Drop the Reader's Digest and Back Away Slowly
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There should be a Twelve Step program for people like me.

“Hi, my name is Gloria, and I’m a magaholic.” A chorus of similarly- hooked individuals raise their Styrofoam coffee cups and chant in unison, “Welcome, Gloria!”

I admit it. I’m a magazine junkie.

I need stacks and stacks of them. I have stacks and stacks of them. On the coffee table, the bedside table, the kitchen counter, the bathroom counter, the bookshelves and the pantry shelves. Piles of back issues of National Geographic, teetering mounds of old Pennsylvania Game News, copies of the Old Farmer’s Almanac giving me the weather for 1963-96. I have issues of Foxfire from the '70s with such inspiring down-home reading as “The First Day in the Life of a Potato Hole.” Could I possibly make that up?

  
 
I pick them up at garage sales out of boxes labeled "FREE." I take the leftovers offered by libraries. I paw through bins at the recycling center and realize what I must look like. But I don’t care. I’m hooked.

It began quite innocently, as most addictions do, with the neighborhood supplier--an occasional subscription bought from some sweet little kid down the block. They would say, “I can win an Atari game [yes, it began that long ago] if I sell just two more subscriptions for the fifth grade band.” These local pushers were so sly, looking up at me with such eagerness in their eyes, a stubby pencil poised over the subscription form, their mothers waiting in the car at the curb. Who could "Just Say No" to that?

Then it was the phone solicitors. Evil incarnate.

“Mrs. Slater, I’m prepared to let you in on a one-time only, never to be repeated in your lifetime, too good to pass up, you’ll kick yourself if you do, special offer. For only $247.95 a month, you can receive Bog & Swamp, Bourgeois Bride, E-Z Taxidermy, Simply Simple, Reptile News & World Report, Yakk!, and Cold Fusion Hobby Shop. You’ll also be entered in our sweepstakes to win a free trip to Pocatello, Idaho in the height--yes Mrs. Slater--the height of potato season,including complimentary hash brown breakfast. Now Mrs. Slater, may I confirm your address and credit card number?”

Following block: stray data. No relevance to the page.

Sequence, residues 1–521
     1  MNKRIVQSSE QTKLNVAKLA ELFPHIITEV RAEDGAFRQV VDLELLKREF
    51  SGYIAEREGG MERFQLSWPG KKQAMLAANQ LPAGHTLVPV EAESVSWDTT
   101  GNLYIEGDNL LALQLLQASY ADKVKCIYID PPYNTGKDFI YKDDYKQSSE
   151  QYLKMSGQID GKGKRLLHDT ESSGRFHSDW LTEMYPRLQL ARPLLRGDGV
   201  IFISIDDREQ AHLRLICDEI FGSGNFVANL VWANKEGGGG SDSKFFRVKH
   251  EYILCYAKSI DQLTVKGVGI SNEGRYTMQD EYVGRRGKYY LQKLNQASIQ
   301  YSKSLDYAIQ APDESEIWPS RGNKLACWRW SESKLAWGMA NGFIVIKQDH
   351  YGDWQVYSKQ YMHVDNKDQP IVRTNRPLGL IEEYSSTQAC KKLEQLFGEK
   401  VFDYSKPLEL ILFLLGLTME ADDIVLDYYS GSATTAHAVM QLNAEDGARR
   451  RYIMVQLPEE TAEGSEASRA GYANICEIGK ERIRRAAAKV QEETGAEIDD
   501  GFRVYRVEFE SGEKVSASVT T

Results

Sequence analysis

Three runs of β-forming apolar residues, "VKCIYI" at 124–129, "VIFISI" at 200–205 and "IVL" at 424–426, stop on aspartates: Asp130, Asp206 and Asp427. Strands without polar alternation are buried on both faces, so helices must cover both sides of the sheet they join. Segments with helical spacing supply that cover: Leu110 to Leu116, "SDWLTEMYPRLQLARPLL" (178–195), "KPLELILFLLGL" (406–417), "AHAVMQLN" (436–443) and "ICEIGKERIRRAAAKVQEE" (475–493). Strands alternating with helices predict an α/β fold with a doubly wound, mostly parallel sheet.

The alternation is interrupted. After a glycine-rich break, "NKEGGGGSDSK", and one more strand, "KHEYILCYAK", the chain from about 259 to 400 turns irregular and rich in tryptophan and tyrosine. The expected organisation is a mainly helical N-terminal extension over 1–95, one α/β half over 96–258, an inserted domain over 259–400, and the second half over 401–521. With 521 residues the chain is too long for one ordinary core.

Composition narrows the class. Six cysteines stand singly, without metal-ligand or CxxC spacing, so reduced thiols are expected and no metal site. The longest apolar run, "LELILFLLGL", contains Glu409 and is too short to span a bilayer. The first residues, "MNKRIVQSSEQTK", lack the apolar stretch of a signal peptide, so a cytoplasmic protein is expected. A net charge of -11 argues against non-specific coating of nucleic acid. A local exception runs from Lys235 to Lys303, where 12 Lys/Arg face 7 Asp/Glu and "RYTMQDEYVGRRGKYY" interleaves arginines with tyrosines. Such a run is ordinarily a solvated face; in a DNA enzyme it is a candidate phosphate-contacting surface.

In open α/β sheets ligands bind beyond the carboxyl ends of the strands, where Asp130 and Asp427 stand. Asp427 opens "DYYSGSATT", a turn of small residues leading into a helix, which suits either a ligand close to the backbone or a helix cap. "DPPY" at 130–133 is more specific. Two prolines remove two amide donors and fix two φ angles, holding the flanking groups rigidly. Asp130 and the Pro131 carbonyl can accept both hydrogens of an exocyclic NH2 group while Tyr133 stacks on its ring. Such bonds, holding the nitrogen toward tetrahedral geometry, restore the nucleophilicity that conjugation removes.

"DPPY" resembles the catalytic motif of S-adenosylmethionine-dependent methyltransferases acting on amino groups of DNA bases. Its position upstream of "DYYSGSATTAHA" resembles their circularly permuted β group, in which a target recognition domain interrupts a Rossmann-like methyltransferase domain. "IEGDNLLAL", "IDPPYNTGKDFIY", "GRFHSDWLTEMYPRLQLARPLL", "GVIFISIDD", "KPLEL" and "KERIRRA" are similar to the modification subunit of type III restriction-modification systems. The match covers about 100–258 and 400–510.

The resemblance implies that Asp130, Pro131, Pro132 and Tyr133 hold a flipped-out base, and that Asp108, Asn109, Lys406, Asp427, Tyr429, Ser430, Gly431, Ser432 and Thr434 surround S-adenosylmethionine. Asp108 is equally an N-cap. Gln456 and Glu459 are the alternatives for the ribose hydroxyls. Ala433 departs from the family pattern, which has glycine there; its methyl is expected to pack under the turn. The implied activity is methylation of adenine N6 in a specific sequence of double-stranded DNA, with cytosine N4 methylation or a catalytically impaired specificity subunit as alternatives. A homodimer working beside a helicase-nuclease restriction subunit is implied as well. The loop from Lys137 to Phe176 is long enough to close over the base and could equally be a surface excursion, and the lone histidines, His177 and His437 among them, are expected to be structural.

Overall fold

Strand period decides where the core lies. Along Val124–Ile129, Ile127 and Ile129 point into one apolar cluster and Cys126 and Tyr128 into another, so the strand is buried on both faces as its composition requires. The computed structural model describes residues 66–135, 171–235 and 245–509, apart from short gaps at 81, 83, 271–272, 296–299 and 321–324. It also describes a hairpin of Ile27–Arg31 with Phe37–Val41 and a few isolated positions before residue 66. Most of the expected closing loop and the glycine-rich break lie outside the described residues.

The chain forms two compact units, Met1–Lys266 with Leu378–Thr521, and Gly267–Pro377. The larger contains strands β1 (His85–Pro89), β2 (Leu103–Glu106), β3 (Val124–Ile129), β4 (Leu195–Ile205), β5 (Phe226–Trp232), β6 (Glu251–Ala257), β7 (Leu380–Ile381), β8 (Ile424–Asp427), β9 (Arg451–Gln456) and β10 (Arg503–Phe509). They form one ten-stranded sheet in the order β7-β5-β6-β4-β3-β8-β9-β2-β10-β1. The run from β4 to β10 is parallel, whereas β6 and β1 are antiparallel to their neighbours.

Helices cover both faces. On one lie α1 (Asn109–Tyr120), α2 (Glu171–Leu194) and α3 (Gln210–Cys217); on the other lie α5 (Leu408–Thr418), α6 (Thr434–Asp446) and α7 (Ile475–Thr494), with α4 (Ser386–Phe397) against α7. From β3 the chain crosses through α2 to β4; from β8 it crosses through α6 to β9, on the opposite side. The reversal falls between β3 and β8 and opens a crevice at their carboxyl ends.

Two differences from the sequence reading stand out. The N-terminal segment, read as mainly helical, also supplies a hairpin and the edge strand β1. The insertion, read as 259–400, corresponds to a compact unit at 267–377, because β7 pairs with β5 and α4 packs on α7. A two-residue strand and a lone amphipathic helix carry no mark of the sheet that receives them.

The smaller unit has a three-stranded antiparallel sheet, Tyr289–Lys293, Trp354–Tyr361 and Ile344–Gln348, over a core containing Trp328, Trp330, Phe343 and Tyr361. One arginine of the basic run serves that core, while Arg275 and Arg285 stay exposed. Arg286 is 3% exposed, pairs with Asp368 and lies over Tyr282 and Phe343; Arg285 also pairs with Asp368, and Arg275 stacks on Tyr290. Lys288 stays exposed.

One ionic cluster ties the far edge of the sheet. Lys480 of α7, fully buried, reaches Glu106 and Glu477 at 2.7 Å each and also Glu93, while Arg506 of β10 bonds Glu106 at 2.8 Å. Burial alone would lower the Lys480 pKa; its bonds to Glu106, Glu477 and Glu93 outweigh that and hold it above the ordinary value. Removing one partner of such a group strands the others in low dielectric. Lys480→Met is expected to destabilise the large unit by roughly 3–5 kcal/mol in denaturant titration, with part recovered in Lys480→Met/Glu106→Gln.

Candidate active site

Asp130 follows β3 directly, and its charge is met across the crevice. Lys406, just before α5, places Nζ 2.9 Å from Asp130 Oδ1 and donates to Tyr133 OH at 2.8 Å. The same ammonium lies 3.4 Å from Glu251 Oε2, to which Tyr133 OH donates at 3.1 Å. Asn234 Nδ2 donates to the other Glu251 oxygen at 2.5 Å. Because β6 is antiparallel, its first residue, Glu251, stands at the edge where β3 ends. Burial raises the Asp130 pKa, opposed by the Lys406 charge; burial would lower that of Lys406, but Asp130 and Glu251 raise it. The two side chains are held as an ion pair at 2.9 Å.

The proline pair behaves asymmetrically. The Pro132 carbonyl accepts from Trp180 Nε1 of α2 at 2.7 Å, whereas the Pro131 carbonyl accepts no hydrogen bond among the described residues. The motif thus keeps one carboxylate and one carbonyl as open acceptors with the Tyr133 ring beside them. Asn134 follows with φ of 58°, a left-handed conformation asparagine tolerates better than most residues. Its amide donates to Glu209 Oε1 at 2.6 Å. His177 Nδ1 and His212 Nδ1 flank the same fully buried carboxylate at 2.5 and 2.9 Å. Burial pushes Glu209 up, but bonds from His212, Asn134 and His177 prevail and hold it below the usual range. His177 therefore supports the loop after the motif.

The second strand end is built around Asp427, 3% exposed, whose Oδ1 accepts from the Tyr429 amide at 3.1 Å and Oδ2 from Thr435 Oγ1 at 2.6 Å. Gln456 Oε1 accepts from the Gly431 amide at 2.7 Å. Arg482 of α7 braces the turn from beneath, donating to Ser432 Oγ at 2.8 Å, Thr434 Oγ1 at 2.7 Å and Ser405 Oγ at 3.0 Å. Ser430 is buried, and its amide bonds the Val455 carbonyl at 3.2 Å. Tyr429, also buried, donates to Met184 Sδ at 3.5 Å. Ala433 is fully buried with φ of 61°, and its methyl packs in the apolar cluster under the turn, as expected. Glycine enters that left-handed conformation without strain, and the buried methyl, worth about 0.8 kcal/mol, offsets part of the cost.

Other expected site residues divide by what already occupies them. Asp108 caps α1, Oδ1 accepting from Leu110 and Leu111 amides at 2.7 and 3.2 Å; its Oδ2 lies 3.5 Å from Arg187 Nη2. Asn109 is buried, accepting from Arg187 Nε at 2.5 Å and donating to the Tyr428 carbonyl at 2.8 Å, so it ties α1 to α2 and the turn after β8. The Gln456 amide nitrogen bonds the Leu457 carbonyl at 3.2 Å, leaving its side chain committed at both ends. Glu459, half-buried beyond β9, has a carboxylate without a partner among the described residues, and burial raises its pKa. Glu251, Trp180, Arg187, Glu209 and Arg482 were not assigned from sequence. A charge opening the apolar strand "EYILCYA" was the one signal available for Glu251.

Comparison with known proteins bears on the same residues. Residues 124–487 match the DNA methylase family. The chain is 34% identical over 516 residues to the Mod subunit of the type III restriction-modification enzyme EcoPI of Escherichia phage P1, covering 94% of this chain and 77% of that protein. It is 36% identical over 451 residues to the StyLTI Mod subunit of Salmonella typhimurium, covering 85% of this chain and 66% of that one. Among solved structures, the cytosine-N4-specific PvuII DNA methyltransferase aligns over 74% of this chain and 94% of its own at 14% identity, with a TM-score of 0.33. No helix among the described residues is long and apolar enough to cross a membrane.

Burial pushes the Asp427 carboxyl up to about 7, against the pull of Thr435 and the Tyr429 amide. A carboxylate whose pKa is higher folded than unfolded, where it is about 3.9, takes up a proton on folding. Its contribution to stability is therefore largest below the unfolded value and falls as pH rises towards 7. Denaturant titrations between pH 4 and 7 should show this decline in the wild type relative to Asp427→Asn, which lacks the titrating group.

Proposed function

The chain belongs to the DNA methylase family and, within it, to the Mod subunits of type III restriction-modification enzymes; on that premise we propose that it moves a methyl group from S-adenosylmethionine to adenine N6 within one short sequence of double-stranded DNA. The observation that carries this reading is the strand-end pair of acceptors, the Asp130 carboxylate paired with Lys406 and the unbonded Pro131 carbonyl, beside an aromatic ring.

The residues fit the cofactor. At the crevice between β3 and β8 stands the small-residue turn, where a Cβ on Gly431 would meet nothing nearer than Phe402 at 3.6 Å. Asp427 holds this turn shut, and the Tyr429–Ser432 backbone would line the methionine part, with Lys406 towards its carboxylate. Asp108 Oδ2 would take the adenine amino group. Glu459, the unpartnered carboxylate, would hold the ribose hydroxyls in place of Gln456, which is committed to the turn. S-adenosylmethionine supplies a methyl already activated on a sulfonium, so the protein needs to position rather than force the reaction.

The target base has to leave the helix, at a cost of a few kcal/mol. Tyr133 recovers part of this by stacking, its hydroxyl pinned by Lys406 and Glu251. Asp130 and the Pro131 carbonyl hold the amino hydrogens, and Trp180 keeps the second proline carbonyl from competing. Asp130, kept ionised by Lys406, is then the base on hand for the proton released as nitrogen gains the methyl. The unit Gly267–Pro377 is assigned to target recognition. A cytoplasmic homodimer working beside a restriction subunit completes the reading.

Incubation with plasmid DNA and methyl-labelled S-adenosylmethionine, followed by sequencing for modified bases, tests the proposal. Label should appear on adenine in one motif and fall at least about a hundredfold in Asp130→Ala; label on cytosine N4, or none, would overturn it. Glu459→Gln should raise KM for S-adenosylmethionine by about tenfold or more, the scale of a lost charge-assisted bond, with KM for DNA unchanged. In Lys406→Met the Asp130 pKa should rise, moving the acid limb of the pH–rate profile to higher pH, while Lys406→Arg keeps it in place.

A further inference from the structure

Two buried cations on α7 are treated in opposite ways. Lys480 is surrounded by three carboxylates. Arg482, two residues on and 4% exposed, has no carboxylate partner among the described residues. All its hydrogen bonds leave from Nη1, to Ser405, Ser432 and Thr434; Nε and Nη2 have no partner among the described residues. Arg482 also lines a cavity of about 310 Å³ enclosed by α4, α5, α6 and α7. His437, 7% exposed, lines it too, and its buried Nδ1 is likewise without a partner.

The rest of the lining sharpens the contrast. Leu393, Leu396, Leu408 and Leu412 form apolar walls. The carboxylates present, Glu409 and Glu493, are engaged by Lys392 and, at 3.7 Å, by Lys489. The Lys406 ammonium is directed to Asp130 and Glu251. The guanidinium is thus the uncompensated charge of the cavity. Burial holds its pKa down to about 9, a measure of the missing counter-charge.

It was that taxidermy thing that got me. My magazine habit was getting expensive.

By now I was a soft-cover hardcore user. I could sniff out a newsstand a mile away. With sunglasses hiding the dark circles under my small-print strained eyes, I would slip into the public library. The periodical lounge had quickly become my own magazine “opium den,” only with better lighting. Or, I would invent reasons for another trip to the grocery store--“Oops, Honey, we’re out of okra”--just so I could thumb through the selections at the checkout line for a quick fix.

Is there a genetic predisposition in some people that creates this insatiable need for short articles and glossy advertisements? Will I pass the gene on to another generation of subscribers? Do we need stiffer penalties for offenders? Or is awareness the answer?

Perhaps you have a friend or loved one who exhibits magaholic tendencies. Be informed. Know the warning signs. Here are just a few:

-Psychosomatic illnesses in order to spend time in doctors’ waiting rooms.
-Paper cuts from those annoying little cards between the pages.
-Frequent trips to the bathroom for some extra reading time.
-Dilated pupils from trying to read those tiny ads in the back pages.
-Constant Calvin Klein odor from the perfume ad samples.
-Desperate, erratic behavior after receiving a Final Issue notice.

If you suspect that someone you know has a magazine problem, do not assume they can handle it on his or her own. They can’t. An intervention may be in order. It could be the kindest thing you will ever do. Though I must warn you, never confront the magazine addict by yourself. Violence is not uncommon when magazine withdrawal is anticipated. Take several others with you.

Expect denial. “Problem? I don’t have a problem, I can quit anytime I want.”

Expect deception. “This magazine? I’m only using it to prop up a wobbly table leg.”

Expect bargaining. “One more issue of Compost Quarterly, pleeeease!”

With patience and understanding I can fight this debilitating addiction, but I need your help. A little tough love and a gift subscription to Prevention magazine would be nice.

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